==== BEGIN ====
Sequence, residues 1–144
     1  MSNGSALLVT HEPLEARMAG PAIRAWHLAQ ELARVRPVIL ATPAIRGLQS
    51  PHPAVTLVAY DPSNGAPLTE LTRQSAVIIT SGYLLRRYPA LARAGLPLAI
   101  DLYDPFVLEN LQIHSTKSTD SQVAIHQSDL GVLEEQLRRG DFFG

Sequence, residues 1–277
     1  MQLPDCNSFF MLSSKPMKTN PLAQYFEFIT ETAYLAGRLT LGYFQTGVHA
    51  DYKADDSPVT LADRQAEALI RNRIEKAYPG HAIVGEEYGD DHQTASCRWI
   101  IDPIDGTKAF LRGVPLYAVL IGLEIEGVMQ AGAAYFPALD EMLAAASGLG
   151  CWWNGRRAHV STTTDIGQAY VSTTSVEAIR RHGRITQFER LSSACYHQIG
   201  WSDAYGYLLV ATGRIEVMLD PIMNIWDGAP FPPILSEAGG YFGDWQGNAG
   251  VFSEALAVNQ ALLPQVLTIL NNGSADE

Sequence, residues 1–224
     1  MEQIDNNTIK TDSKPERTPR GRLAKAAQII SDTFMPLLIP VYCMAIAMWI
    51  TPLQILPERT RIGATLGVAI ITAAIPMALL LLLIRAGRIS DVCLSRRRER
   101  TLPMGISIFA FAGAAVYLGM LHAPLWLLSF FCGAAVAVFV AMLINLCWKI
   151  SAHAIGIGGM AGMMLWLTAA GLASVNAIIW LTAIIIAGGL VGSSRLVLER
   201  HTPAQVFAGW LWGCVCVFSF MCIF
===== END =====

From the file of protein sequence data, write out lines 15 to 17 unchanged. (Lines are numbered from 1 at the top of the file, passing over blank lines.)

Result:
   101  TLPMGISIFA FAGAAVYLGM LHAPLWLLSF FCGAAVAVFV AMLINLCWKI
   151  SAHAIGIGGM AGMMLWLTAA GLASVNAIIW LTAIIIAGGL VGSSRLVLER
   201  HTPAQVFAGW LWGCVCVFSF MCIF